On these facts is based the principle of operation of the centrifugal pump. To fully explain the application of these performances it is necessary’ to carefully consider the case of the revolving bucket. Figure 53 shows a bucket attached to a string and whirling around the nail A. If the string should break when the bucket is at position C, the bucket would not travel in a curved line, but, on the contrary would, like the particles from the emery wheel, shoot straight off the circle at right angles to the radius at the point where the bucket broke loose; in other words it would shoot off tangentially from the circle.

A law of physics states that a body continues in its state of rest or of uniform motion in a straight line, except in so far as it may be compelled, by outside force, to change that state. This means that if a body were thrown through the air it would travel forever in a straight line were there no outside effect. The reason why an object so projected does not so continue is due to the action on it of such outside forces as gravity and the retarding force of air friction. But for short spaces and for the purpose of demonstrating the action of the centrifugal pump these two forces may be neglected. In that case the whirling bucket continually wants to travel off tangentially from its path but the string keeps pulling it from its straight line course to follow around a circular path. In Figure 53, while the bucket would be at D if it could travel in the direction it would, were it free, the string deflects it and it is as the result at position E instead. The bucket exerts a tension or pull on the string in being deflected from its straight path. This pull is known as centrifugal force, and varies as the square of the velocity. It is this same centrifugal force which is the means of producing pressure by centrifugal pumps.

Figure 54 represents the simplest form of centrifugal pump. The water enters through the inlet at the center of the rotating impeller and is thrown outward by centrifugal force. As it passes out into the water passage it draws after it more water through the intake, so that the flow is solid and continuous. The arrows in the sketch show the course of the water. The pump in Figttre 54 is said to be a single stage pump, i. e., the water passes through but one set of impellers. Such a pump, while capable of giving a large flow is quite unsuitable for, and quite incapable of, producing much increase in pressure. In the fire service where high pressures especially are required such a pump would be unsatisfactory. But if the water from this first pump were discharged into a second similar pump under pressure, and from this to a third pump, by the time it had emerged from the last pump the pressure would have been boosted sufficiently to answer the needs of the fire department. This multiple raising of the pressure is exactly what takes place in three-stage pumps. By three-stage pumps are meant pumps having three sets of impellers through which the water passes one at a time. Each stage boosts the water pressure in turn.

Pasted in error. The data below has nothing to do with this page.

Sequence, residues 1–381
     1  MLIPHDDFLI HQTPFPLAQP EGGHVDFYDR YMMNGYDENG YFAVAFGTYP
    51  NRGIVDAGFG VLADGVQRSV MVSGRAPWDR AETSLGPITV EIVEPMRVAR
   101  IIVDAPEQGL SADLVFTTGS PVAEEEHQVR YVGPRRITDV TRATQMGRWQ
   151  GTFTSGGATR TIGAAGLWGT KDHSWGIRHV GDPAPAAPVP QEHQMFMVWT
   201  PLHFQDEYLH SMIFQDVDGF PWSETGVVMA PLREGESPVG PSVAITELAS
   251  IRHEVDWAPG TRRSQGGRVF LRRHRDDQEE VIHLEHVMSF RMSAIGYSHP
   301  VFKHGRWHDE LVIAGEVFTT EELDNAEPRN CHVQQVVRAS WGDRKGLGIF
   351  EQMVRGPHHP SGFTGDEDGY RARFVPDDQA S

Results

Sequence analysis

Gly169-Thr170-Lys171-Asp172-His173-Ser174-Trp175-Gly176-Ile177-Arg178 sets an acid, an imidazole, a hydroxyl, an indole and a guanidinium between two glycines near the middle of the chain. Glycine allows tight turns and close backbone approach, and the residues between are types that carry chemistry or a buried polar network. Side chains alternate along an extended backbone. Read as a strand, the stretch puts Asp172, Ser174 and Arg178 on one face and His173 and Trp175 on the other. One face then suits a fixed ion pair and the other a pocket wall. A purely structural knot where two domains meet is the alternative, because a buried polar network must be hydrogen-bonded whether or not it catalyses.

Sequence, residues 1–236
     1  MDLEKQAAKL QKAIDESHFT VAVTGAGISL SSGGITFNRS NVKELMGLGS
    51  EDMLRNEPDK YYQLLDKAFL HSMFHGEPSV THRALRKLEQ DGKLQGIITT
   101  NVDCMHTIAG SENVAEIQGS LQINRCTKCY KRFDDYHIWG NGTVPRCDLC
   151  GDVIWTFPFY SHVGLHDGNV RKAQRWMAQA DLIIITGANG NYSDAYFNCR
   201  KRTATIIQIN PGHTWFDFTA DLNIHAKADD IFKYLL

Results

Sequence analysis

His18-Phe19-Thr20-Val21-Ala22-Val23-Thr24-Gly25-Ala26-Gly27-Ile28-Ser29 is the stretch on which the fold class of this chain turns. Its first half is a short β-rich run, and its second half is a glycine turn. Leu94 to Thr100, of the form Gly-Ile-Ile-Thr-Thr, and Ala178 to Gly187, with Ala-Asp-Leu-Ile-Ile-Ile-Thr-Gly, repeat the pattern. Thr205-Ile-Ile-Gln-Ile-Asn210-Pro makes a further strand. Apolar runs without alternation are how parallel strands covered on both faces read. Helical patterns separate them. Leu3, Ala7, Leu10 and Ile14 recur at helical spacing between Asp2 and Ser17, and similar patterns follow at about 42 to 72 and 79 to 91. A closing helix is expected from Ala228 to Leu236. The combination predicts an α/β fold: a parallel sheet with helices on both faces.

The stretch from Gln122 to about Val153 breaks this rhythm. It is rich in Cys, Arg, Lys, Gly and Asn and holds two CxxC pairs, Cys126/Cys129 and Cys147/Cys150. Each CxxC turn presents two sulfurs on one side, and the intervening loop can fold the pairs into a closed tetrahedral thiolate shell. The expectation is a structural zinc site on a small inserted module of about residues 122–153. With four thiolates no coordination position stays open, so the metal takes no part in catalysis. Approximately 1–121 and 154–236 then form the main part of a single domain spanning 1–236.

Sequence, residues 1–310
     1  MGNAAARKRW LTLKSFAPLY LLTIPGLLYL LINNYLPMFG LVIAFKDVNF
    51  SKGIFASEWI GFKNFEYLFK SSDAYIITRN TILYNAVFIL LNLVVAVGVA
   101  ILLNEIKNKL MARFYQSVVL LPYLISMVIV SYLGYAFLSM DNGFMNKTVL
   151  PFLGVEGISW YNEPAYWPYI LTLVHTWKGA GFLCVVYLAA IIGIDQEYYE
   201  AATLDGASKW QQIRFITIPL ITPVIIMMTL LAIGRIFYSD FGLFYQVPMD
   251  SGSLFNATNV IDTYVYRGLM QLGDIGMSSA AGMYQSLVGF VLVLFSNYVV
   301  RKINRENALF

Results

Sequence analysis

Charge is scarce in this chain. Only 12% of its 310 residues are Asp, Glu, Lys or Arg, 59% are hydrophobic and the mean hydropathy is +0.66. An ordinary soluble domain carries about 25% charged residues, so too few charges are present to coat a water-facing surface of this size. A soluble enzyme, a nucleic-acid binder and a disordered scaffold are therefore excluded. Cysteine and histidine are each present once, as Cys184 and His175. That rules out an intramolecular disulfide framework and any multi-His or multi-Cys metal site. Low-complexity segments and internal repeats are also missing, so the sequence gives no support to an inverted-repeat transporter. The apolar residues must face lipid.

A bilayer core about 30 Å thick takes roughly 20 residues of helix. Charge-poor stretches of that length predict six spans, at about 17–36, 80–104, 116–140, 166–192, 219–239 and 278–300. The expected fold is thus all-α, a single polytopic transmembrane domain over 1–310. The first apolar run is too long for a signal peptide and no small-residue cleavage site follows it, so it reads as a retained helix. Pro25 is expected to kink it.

Figure 55 shows the cross section of the first type of centrifugal pump giving successful performance on motor fire apparatus. This particular pump has a bronze casing in which are placed impellers on a single shaft. Each impeller represents a stage, and they are separated by suitable guides that convey the water from one impeller to another. The only moving part is the steel shaft to which the impellers are permanently keyed. The shaft is rotated, and the water, which lies in the first impeller, is thrown to its outer edge and through openings on this edge at high pressure by centrifugal force. From this point the water passes through vanes, which are nothing more than stationary guides to prevent the water from forming whirlpools and eddies. As it passes into the next stage or impeller this operation is repeated. The passing of the water out of the impeller, as mentioned above, draws more in to take its place. After passing through the last stage, the water is carried into the discharge pipe and from there to the different lines of hose. Each impeller stores a certain amount of pressure in the water as it passes through.

Pump Primer.

If a centrifugal pump is attached to a fire hydrant where there is pressure to force water into the impellers the pumps may be put into operation instantly.

But if water must be drafted, i. e., from a stream or cistern, the suction created by spinning the impellers idly in the confined air is not sufficient to draw water into the pump, and other means have to be provided for supplying the pump with water before it can be set in operation. In the pump described above provision is made for this by a separate arrangement, known as a vacuum pump. This is a small pump of the rotary type. It is mounted in conjunction with the pump transmission. It requires about twenty seconds to get the centrifugal pump in operation when this rotary primer is used.